Saturday, 10 March 2018
THE NME, THE BUNTY & ME
The demise of the New Musical Express, condensed over the years to NME, brought back memories of weekly anticipation. It was a music paper I devoured and I remember playing the deejay using the printed charts (hit parade) to run them down out loud in a breathless race to cram the top 30 into a minute, like Alan Freeman used to do at the end of Pick of the Pops. When I first started reading the NME it covered a wide variety of music but then it steered itself towards punk and I kinda fell out with it, switching my allegiance to the Melody Maker. The NME was essential reading at one time but, alas, it's time is up.
I was also reminded of the other publications we would get every week. This was in the early 1960s. The girls in our house favoured the Bunty and the boys the Valiant or the Hotspur. We all found common ground with the Beano, the Dandy and the Beezer. I must confess that I had a soft spot for the Bunty. On the outside back cover there was an illustration of a girl (Bunty?) and some skirts and tops to cut out. I enjoyed the fashion and flair of dressing the girl in a selection of outfits. If I used my mother's pinking shears, they gave a distinctive look to the outfits. My sisters and brothers looked on with a variety of facial expressions, obviously in awe of my creativity and imagination. There were no such cut-out features of Desperate Dan or Colonel Blink, sadly.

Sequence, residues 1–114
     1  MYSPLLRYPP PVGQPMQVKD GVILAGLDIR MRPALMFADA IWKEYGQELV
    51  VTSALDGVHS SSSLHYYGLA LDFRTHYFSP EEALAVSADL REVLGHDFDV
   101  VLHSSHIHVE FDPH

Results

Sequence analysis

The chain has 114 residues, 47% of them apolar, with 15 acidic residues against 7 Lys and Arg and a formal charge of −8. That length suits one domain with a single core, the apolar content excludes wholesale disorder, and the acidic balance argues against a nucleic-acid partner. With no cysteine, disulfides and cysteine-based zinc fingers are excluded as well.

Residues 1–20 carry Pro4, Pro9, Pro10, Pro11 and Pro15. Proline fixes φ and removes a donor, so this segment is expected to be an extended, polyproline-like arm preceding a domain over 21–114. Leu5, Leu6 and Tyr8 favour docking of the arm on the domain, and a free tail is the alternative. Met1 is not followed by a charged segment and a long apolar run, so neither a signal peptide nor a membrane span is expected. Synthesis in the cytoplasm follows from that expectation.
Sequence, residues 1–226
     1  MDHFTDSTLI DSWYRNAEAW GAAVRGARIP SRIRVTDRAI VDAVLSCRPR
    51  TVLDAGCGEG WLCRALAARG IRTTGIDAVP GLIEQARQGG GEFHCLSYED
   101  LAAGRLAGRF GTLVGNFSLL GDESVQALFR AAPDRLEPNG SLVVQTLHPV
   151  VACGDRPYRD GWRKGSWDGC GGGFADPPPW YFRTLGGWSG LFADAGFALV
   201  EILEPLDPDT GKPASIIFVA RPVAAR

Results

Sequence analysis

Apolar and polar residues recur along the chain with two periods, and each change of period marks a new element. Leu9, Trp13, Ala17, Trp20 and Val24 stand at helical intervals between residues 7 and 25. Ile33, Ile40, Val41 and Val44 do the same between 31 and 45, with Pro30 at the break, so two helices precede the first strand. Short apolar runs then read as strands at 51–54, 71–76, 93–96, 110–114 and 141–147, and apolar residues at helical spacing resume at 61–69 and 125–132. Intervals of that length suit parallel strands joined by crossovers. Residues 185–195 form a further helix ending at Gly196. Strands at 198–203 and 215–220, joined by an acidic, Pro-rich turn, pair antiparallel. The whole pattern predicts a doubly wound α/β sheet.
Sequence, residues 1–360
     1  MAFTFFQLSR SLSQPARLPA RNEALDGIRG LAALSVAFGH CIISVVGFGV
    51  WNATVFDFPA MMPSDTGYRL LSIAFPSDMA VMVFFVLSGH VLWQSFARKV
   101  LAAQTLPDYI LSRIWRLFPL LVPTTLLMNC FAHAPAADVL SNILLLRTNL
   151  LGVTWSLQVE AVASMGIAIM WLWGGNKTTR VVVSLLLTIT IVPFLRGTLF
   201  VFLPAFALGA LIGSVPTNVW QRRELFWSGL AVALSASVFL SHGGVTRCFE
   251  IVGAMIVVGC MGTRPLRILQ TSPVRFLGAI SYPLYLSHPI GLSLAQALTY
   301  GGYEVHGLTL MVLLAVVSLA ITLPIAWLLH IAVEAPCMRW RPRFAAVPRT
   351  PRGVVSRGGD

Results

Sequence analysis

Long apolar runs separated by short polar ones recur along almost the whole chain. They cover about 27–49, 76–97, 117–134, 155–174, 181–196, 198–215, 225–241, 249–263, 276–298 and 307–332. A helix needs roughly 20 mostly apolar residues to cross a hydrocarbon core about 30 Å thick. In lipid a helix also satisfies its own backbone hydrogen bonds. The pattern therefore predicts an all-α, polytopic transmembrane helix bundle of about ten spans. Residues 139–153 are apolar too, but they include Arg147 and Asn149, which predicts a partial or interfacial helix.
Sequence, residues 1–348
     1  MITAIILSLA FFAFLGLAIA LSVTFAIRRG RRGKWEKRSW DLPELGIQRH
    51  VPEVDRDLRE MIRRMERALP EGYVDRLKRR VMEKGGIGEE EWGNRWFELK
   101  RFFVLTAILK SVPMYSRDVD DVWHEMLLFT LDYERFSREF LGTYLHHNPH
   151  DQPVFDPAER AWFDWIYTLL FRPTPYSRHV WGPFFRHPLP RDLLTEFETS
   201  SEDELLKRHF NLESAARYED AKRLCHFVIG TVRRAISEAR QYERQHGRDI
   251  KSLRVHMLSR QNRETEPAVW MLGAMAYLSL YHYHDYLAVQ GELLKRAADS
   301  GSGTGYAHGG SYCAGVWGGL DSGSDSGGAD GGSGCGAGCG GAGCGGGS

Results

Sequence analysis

Our paper bill must have been steep but those weekly publications were valuable in terms of entertainment and, sometimes, education.
Farewell NME, you served us well. And Bunty must be a fair age by now.